A study of dissolved iodate and total iodine on the Hebridean shelf in several months of 1995/6 confirms an earlier hypothesis that the distribution of iodine in these waters is almost in steady state throughout the year. No evidence was found for changes in iodine chemistry that might correlate with seasonal changes in primary productivity, and the inappropriateness of adopting a Redfield-type model to explain the main trend of the iodine distribution is discussed. The system is determined by the mixing of three water types. To the west, the iodine distribution is governed by water of the North Atlantic Current (typically with salinity of 35.3 and iodate and total iodine concentrations close to 0.40 and 0.45 mu M, respectively, and its mixing with deeper water containing a slightly higher concentration of iodate, but similar salinity. To the east, the distribution is governed by coastal waters with low salinity (similar to 33) and low iodate concentration (0.25 mu M) but only a marginally lower total iodine concentration. The approximate iodate concentration, rationalised to 35 salinity, is given by RIO3 = 0.060e(-22) ((35.42-S)) + 0.37e(-0.20) ((35.42-S)) + 0.010e(-0.010 (35.42-S)). Rationalised total iodine varied by only about 5%. Reasons are given for believing that the conditions found in the Hebridean waters probably applies to the whole of the shelf-seas of Britain, including the North Sea. (C) 2000 Elsevier Science Ltd. All rights reserved.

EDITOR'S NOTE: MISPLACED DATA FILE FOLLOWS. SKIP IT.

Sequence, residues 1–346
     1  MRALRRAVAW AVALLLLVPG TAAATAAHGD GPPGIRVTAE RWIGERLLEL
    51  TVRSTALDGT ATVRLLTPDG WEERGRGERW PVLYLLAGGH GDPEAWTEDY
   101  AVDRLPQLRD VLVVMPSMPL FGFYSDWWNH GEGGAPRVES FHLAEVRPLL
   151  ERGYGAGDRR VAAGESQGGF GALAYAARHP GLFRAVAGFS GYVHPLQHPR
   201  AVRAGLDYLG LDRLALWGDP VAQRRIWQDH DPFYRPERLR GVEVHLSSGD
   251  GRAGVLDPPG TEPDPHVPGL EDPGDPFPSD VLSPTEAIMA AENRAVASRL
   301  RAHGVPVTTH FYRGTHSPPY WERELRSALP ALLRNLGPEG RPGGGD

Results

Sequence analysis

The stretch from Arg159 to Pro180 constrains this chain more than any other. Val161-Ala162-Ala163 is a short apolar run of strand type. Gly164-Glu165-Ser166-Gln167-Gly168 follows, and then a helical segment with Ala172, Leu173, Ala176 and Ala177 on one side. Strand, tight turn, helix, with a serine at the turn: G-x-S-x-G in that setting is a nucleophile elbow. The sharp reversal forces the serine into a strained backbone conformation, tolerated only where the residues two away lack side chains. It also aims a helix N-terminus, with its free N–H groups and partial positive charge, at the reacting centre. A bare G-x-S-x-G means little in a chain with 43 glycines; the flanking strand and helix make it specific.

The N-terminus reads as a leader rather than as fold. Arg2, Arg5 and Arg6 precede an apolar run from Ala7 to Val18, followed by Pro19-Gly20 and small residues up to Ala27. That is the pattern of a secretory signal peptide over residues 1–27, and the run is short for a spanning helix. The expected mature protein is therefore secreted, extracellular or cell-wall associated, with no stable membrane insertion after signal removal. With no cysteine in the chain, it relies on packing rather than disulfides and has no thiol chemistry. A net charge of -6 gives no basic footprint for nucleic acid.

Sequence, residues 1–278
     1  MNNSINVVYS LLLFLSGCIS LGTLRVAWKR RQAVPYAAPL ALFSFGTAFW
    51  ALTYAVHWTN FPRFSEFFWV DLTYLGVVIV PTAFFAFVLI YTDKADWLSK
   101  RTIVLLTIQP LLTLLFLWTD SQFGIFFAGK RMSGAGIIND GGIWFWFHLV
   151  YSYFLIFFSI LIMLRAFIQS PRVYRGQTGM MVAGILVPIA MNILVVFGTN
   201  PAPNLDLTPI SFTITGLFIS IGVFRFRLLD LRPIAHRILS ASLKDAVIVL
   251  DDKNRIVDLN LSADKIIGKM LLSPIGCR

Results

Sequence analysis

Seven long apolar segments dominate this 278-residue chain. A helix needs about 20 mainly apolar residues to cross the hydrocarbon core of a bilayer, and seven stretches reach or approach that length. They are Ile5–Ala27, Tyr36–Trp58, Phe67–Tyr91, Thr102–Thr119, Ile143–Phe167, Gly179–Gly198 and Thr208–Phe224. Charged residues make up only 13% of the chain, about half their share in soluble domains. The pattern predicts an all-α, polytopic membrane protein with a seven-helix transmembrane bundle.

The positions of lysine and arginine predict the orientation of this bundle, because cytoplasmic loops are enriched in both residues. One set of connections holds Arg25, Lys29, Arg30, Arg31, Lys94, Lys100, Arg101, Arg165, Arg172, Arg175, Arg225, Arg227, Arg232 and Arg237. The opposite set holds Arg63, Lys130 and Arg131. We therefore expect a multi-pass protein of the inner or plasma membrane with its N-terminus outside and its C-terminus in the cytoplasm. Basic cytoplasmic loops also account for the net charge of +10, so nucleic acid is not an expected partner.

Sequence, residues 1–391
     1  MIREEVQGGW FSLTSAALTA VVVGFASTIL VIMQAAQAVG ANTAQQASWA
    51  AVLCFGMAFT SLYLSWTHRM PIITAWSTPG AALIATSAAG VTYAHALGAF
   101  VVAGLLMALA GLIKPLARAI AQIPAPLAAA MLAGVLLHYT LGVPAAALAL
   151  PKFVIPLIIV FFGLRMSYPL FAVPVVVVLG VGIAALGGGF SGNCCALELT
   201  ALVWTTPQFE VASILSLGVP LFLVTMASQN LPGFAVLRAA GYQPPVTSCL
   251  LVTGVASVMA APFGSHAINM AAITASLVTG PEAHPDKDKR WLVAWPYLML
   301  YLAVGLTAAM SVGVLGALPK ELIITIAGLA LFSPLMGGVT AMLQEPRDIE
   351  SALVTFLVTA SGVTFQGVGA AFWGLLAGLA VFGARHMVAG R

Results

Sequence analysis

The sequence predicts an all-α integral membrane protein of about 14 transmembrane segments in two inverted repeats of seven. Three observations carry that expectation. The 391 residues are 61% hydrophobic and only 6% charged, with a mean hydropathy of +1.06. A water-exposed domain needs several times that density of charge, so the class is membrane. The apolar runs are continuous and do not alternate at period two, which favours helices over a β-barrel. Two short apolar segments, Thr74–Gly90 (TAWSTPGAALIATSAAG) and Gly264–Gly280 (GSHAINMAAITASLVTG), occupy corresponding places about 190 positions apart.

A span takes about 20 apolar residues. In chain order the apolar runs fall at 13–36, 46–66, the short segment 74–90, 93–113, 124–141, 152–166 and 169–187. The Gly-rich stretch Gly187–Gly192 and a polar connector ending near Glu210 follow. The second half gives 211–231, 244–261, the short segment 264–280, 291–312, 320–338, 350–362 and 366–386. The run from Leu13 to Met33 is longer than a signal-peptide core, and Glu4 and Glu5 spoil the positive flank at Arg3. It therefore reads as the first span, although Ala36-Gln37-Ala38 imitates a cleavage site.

|Number of pages||17|
|Journal||CONT SHELF RES|
|Publication status||Published - 2000|
- DISSOLVED IODINE